“Guys, quit cussin’. Quit cussin’,” he told the crowd, adding for good measure, “Don’t throw anything on the floor regardless of what’s happenin’.”
Smart move in a tight game that Virginia Tech won, 64-63, helping the Hokies cement a spot in the NCAA tournament. Williams was taking no chances that an outside force might tip the game in the Blue Devils’ favor.
This is also a good time to remind people of one of the great moments in college coaching history when Oklahoma’s Billy Tubbs was asked to calm an unruly crowd during a 1989 game against Missouri.
“The referees request,” he began, “that regardless of how terrible the officiating is, do not throw stuff on the floor.”
That got him a standing ovation — and his second technical in under a minute. It also seemed to work as the Sooners won the Big Eight game, 112-105.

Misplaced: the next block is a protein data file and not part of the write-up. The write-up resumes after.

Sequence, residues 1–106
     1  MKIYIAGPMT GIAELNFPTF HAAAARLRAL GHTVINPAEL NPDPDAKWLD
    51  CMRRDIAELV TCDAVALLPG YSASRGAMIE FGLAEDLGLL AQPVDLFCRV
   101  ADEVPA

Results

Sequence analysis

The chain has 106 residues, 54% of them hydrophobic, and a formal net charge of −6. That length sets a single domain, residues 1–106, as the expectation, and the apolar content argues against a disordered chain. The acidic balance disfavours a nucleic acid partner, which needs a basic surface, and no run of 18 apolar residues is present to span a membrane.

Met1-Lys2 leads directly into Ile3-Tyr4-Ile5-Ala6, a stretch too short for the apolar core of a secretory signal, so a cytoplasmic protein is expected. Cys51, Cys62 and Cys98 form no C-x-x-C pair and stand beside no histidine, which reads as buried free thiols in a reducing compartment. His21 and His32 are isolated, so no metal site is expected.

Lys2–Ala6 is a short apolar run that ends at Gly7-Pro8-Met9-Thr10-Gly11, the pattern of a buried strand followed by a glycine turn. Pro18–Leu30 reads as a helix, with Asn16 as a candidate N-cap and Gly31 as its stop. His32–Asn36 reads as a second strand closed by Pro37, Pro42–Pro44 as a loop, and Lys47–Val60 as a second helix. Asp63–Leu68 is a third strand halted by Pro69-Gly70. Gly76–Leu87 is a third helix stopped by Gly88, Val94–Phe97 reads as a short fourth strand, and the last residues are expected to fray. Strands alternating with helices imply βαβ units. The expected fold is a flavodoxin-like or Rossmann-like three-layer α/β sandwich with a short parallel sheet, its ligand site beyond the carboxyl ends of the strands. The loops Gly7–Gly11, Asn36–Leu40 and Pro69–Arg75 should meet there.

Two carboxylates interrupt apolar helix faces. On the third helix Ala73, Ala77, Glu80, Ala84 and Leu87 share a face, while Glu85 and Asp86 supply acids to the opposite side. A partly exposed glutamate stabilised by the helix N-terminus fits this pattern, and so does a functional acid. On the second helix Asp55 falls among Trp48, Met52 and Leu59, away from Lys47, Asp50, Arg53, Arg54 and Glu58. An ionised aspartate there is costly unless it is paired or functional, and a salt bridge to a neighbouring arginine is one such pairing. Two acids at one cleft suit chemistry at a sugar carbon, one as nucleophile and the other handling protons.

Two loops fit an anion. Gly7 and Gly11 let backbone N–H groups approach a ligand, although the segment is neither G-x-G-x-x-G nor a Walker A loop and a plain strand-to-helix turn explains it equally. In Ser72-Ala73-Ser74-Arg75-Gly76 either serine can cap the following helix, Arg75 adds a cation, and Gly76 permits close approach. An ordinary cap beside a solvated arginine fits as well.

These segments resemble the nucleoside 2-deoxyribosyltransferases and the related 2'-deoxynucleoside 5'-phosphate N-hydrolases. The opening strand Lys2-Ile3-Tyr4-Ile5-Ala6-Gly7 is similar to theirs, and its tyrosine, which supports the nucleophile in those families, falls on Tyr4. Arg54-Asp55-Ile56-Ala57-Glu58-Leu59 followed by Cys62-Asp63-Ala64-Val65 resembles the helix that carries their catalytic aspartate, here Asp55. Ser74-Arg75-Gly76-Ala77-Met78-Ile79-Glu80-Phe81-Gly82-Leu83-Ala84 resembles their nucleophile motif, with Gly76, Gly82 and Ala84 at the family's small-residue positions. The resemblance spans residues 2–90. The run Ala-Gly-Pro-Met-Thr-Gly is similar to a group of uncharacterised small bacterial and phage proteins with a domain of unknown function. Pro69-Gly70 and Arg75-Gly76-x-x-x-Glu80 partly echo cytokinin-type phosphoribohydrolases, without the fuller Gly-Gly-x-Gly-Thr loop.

So, you see, sometimes acting crazy is a good idea, not that Williams wasn’t sincere in keeping Tech fans from riling up Duke players Monday night. Still, there are moments when zaniness can be effective.
“He wants you to think he’s half-crazy,” Dale Layer, then the Liberty coach, told The Post’s Dave Sheinin in 2013. Layer hired Williams in 2000 when he was head coach at Colorado State. “He’s probably only about 19 percent crazy, but he wants you to think he’s 84 percent.”
Williams admitted then that there was a bit of method to his madness.
“If you only see me on game day,” Williams said, “probably what you think of me is — I don’t want to say diametrically opposed, but it’s distinctly different” than reality.
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